A Perfect Storm

A Perfect Storm: Interventions – Closing the survival gap


 

Editor’s Note: This is the fourth installment of a five-part monthly series that will discuss the biologic, genomic, and health system factors that contribute to the racial survival disparity in breast cancer. The series was adapted from an article that originally appeared in CA: A Cancer Journal for Clinicians, 1 a journal of the American Cancer Society. Eliminating racial disparities in cancer mortality through effective interventions has become an increasingly important imperative of federal, state, and community health care programs. This month’s column reviews interventions to close this survival gap.

Insurance

It has been posited that interventions aimed at providing insurance coverage to minority patients will be able to reduce racial health care disparities. 2 Studies have indicated that women without insurance present with more-advanced disease, 3,4 and are more likely to receive nonstandard treatment. 5 However, outside of cancer care, a large study of Medicaid expansion in Oregon demonstrated that Medicaid coverage alone generated no significant improvement in measured physical health outcomes in the first 2 years. 6 Thus, coverage alone does not ensure that patients will be able to navigate the health care system and that quality care will be provided.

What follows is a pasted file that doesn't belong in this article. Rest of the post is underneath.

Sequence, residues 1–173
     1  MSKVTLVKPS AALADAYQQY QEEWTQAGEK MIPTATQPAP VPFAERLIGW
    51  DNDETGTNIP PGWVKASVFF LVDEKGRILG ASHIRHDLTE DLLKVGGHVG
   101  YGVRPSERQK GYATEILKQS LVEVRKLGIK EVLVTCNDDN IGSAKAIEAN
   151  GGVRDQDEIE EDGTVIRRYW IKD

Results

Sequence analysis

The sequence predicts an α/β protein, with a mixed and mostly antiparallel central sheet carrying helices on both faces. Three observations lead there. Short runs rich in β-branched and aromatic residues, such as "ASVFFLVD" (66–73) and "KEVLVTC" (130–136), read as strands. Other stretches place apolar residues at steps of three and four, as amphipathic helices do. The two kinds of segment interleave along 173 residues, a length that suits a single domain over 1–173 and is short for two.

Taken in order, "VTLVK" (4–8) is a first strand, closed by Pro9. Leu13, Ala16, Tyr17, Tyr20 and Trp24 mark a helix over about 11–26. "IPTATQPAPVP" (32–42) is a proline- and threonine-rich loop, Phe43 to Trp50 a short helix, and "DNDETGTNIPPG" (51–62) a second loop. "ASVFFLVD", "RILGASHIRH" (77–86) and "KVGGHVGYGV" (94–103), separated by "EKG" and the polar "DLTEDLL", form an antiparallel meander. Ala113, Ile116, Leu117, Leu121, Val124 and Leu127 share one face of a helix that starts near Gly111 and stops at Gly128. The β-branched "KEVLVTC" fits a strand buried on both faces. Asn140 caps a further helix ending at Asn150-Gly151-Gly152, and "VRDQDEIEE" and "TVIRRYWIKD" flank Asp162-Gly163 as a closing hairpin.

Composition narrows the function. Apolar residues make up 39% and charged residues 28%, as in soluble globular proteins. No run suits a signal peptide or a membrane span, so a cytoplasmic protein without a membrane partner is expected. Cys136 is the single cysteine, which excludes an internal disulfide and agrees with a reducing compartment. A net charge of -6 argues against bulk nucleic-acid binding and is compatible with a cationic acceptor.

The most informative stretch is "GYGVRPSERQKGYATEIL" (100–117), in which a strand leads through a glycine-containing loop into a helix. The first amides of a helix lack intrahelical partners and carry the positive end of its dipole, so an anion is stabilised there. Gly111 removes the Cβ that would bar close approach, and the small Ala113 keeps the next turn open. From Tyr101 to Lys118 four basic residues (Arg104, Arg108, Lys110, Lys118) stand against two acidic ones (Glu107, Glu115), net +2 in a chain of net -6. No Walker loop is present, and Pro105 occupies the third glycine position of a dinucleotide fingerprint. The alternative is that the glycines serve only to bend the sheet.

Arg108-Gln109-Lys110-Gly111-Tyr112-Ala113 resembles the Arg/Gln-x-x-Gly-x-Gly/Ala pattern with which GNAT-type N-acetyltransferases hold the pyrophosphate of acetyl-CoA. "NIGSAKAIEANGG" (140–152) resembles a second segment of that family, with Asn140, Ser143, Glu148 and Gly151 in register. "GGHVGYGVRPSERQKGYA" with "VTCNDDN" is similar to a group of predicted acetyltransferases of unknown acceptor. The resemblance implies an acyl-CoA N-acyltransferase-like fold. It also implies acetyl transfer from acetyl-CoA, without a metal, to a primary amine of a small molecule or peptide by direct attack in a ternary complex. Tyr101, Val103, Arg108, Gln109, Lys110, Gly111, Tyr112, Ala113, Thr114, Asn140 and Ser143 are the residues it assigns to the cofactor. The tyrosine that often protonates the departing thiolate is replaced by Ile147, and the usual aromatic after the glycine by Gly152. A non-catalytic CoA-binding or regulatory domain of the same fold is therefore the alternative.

In breast cancer, Hoffman et al. 7 evaluated the effect of race and health insurance on diagnostic time, which was defined as the number of days from suspicious finding to diagnostic resolution (either no evidence of malignancy on diagnostic mammogram or definitive diagnosis by biopsy) in a large, urban setting. The authors’ hypothesis was that every insured patient would receive the same timely diagnosis as any other patient with equivalent insurance, regardless of race or ethnicity. The study found that non-Hispanic whites with government insurance had significantly shorter diagnostic times than did non-Hispanic African Americans with government insurance: The average diagnostic times were 12 and 39 days, respectively. In addition, privately insured non-Hispanic whites also had significantly shorter diagnostic times than did privately insured non-Hispanic African Americans (16 vs. 27 days). In addition, Short et al. 8 demonstrated that when the health plan status was held constant in a retrospective study of 476 white patients and 99 African American patients with newly diagnosed breast cancer, African American patients had a higher mortality rate (8.1% vs. 3.6%) and were diagnosed at a later stage. Accordingly, interventions must go beyond just providing health insurance to minorities in order to have a significant impact on the mortality gap.

Patient education and physician communication

An underlying cause frequently cited for the delayed diagnosis and treatment of African American patients with breast cancer is a lack of patient education and physician communication. These elements are essential components of quality care. In a qualitative study of low-income, ethnically diverse women older than 40 years, Allen et al. 9 identified salient themes differentiating women who received timely follow-up from those who did not. For the women who delayed follow-up, prominent themes were dissatisfaction with the communication of results, disrespect on the part of providers and clinical staff, logistical barriers to accessing services, anxiety and fear about a possible cancer diagnosis, and a lack of information about breast cancer screening and symptoms.

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